Abstract: In 2008 we published the first set of guidelines for standardizing research in autophagy. Since then, research on this topic has continued to accelerate, and many new scientists have entered the field. Our knowledge base and relevant new technologies have also been expanding. Accordingly, it is important to update these guidelines for monitoring autophagy in different organisms. Various reviews have described the range of assays that have been used for this purpose. Nevertheless, there continues to be confusion regarding acceptable methods to measure autophagy, especially in multicellular eukaryotes. For example, a key point that needs to be emphasized is that there is a difference between measurements that monitor the numbers or volume of autophagic elements (e.g., autophagosomes or autolysosomes) at any stage of the autophagic process versus those that measure flux through the autophagy pathway (i.e., the complete process including the amount and rate of cargo sequestered and degraded). In particular, a block in macroautophagy that results in autophagosome accumulation must be differentiated from stimuli that increase autophagic activity, defined as increased autophagy induction coupled with increased delivery to, and degradation within, lysosomes (in most higher eukaryotes and some protists such as Dictyostelium) or the vacuole (in plants and fungi). In other words, it is especially important that investigators new to the field understand that the appearance of more autophagosomes does not necessarily equate with more autophagy. In fact, in many cases, autophagosomes accumulate because of a block in trafficking to lysosomes without a concomitant change in autophagosome biogenesis, whereas an increase in autolysosomes may reflect a reduction in degradative activity. It is worth emphasizing here that lysosomal digestion is a stage of autophagy and evaluating its competence is a crucial part of the evaluation of autophagic flux, or complete autophagy. Here, we present a set of guidelines for the selection and interpretation of methods for use by investigators who aim to examine macroautophagy and related processes, as well as for reviewers who need to provide realistic and reasonable critiques of papers that are focused on these processes. These guidelines are not meant to be a formulaic set of rules, because the appropriate assays depend in part on the question being asked and the system being used. In addition, we emphasize that no individual assay is guaranteed to be the most appropriate one in every situation, and we strongly recommend the use of multiple assays to monitor autophagy. Along these lines, because of the potential for pleiotropic effects due to blocking autophagy through genetic manipulation, it is imperative to target by gene knockout or RNA interference more than one autophagy-related protein. In addition, some individual Atg proteins, or groups of proteins, are involved in other cellular pathways implying that not all Atg proteins can be used as a specific marker for an autophagic process. In these guidelines, we consider these various methods of assessing autophagy and what information can, or cannot, be obtained from them. Finally, by discussing the merits and limits of particular assays, we hope to encourage technical innovation in the field.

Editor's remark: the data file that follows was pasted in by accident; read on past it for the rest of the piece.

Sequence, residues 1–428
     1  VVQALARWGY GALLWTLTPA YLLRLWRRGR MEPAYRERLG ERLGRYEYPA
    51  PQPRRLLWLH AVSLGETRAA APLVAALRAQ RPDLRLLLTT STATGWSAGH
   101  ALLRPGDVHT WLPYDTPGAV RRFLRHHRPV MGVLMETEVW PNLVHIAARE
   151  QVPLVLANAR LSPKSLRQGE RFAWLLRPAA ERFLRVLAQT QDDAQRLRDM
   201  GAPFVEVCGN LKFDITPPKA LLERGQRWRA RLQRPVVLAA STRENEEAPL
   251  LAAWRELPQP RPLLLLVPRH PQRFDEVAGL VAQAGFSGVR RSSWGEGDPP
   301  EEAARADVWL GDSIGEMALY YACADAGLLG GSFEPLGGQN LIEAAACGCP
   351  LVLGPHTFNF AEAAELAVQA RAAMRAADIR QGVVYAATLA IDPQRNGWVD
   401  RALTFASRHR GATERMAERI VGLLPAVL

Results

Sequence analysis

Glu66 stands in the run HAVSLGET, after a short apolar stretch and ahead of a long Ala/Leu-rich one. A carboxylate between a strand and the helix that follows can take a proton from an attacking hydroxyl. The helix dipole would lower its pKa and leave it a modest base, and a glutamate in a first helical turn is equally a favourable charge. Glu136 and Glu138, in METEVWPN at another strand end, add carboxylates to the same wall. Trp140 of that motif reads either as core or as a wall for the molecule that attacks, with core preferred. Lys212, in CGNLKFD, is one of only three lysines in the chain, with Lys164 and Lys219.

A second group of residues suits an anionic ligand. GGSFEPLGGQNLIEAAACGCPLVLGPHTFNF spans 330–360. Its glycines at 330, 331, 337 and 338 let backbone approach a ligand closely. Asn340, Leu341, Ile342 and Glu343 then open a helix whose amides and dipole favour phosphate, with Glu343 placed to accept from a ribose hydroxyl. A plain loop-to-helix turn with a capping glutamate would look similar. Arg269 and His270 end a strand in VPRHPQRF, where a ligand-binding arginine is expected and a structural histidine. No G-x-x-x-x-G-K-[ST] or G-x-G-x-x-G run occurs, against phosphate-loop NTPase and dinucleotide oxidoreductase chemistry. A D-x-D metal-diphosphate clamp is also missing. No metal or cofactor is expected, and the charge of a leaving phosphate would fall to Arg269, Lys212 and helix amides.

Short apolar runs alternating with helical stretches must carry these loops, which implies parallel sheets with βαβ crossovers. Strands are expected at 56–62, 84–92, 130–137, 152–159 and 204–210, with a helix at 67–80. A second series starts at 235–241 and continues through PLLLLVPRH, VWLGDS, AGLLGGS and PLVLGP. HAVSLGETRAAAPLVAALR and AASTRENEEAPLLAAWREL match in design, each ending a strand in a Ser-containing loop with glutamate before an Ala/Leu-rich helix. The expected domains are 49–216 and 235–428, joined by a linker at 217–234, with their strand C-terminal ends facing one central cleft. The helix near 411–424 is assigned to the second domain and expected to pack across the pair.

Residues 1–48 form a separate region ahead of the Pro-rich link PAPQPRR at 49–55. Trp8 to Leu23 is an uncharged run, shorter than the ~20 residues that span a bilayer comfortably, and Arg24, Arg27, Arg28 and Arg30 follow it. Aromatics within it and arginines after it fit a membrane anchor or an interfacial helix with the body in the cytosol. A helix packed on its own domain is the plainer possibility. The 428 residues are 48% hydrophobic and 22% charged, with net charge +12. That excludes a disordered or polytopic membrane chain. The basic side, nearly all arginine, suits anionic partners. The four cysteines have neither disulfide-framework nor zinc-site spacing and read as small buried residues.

TL;DR: Intensive lipid-lowering therapy with 80 mg of atorvastatin per day in patients with stable CHD provides significant clinical benefit beyond that afforded by treatment with 10 mg of least-in- LDL cholesterol levels per day, with a greater incidence of elevated aminotransferase levels.
Abstract: background Previous trials have demonstrated that lowering low-density lipoprotein (LDL) cholesterol levels below currently recommended levels is beneficial in patients with acute coronary syndromes. We prospectively assessed the efficacy and safety of lowering LDL cholesterol levels below 100 mg per deciliter (2.6 mmol per liter) in patients with stable coronary heart disease (CHD). methods A total of 10,001 patients with clinically evident CHD and LDL cholesterol levels of less than 130 mg per deciliter (3.4 mmol per liter) were randomly assigned to double-blind therapy and received either 10 mg or 80 mg of atorvastatin per day. Patients were followed for a median of 4.9 years. The primary end point was the occurrence of a first major cardiovascular event, defined as death from CHD, nonfatal non–procedure-related myocardial infarction, resuscitation after cardiac arrest, or fatal or nonfatal stroke. results The mean LDL cholesterol levels were 77 mg per deciliter (2.0 mmol per liter) during treatment with 80 mg of atorvastatin and 101 mg per deciliter (2.6 mmol per liter) during treatment with 10 mg of atorvastatin. The incidence of persistent elevations in liver aminotransferase levels was 0.2 percent in the group given 10 mg of atorvastatin and 1.2 percent in the group given 80 mg of atorvastatin (P<0.001). A primary event occurred in 434 patients (8.7 percent) receiving 80 mg of atorvastatin, as compared with 548 patients (10.9 percent) receiving 10 mg of atorvastatin, representing an absolute reduction in the rate of major cardiovascular events of 2.2 percent and a 22 percent relative reduction in risk (hazard ratio, 0.78; 95 percent confidence interval, 0.69 to 0.89; P<0.001). There was no difference between the two treatment groups in overall mortality. conclusions Intensive lipid-lowering therapy with 80 mg of atorvastatin per day in patients with stable CHD provides significant clinical benefit beyond that afforded by treatment with 10 mg of atorvastatin per day. This occurred with a greater incidence of elevated aminotransferase levels.